BY DR. STEVE DUNN
Part 1 of a Series: “Outside the Box”
“To reach people no one else is reaching you’ll have to do things no one else is doing.” -Craig Groeschel
I have been thinking a lot lately about reaching an increasingly unchurched culture with the Good News of the Gospel. Still too much of the church is content with rearranging those who have already embraced the Good News–bringing in people with Christian roots who have grown dissatisfied with the church of their origins. Yet there is a huge part of the population that are classified as “none’s”, not identifying with any church. In fact. Pew Research reports these disturbing facts:
Religious “nones” – a shorthand we use to refer to people who self-identify as atheists or agnostics, as well as those who say their religion is “nothing in particular” – now make up roughly 23% of the U.S. adult population. This is a stark increase from 2007, the last time a similar Pew Research study was conducted, when 16% of Americans were “nones.” (During this same time period, Christians have fallen from 78% to 71%.) (Pew)
In America, Catholicism has for a long-time had the most adherents, with Protestants holding down second place. The nones now occupy second place. And these statistics are largely based on the survey respondents “self-identification.” None of this means that these persons are functioning fruitfully and faithfully as genuine disciples of Jesus Christ. Outreach Magazine
Based on in-depth research by David T. Olson and another set by sociologists C. Kirk Hadaway and Penny Long Marler, we are seeing that this statement from the Evangelical Covenant Church to be most descriptive:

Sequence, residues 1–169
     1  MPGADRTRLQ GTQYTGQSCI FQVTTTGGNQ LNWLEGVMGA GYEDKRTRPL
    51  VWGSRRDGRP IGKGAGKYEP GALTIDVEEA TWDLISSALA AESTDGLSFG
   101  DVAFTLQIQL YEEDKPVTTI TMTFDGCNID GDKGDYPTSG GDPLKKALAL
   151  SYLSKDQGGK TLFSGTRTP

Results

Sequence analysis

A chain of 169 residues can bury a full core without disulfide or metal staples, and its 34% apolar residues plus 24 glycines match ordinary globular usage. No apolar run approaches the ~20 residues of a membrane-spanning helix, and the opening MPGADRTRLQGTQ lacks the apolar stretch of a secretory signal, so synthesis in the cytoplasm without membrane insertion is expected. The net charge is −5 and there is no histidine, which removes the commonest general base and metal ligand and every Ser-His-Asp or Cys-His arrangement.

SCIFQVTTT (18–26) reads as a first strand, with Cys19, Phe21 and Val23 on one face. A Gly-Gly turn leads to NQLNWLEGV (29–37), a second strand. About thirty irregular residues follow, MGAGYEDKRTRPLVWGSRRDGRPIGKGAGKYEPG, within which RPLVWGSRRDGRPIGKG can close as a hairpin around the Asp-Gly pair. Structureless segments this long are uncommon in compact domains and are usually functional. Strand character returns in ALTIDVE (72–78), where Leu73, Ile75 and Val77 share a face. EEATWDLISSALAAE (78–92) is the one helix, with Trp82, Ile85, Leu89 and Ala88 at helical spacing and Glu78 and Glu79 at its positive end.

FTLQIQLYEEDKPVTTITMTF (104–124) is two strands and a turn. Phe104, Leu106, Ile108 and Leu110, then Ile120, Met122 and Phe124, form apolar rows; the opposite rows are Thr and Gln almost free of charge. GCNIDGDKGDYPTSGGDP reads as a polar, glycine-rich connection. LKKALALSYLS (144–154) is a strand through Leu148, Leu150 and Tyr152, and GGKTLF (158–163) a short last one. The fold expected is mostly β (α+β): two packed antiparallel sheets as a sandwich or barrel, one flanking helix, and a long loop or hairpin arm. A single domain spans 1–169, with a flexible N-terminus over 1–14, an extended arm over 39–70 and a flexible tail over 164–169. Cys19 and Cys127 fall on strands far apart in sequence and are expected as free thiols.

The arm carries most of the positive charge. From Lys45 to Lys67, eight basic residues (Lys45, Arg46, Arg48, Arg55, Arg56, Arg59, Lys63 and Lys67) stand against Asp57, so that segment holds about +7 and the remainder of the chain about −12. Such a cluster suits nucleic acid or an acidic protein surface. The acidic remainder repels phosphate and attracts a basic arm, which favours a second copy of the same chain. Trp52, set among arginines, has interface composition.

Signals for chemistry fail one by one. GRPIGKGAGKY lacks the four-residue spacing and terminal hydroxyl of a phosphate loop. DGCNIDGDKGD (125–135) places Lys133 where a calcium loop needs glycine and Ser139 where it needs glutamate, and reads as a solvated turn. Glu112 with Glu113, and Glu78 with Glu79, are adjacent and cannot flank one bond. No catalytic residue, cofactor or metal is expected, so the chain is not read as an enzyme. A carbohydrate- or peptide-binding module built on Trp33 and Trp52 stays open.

In our increasingly post-Christian era, 83% of Americans do not attend church. Nearly 1/3 of young people under 30 are religiously unaffiliated. Every year, more than 3,000 churches shut their doors, never to open again. Myriad challenges – from rapid demographic change to tepid evangelism – render churches ineffective in communities across the country.
Yet church attendance, already abysmal, is still no guarantee that all of those who claim to be Christians and attend church regularly (or irregularly) are persons who have been genuinely transformed by a faith relationship with Jesus Christ.
Marler and Hadaway report that while the majority of Christians they interviewed don’t belong to a local church, they still identify with their church roots. “Never mind the fact that they attend church less than 12 times a year,” Marler observes. “We estimate that 78 million Protestants are in that place. Ask most pastors what percentage of inactive members they have—they’ll say anything from 40–60 percent.” (quoting from Outreach-April 10, 2018)
Churches continue to be concerned with the “already persuaded” instead of the “yet to be convinced.” Is it any wonder why we are not reaching people who no one else is reaching?
It is time to think outside the box–past time for too long. The eternal destiny of millions depends upon our getting effectively serious about living out the Great Commission.
What do you think we need to do?
In my next post, I will share some thoughts on what we need to do to not only think outside the box but climb out of it, as well, where the unreached people live.
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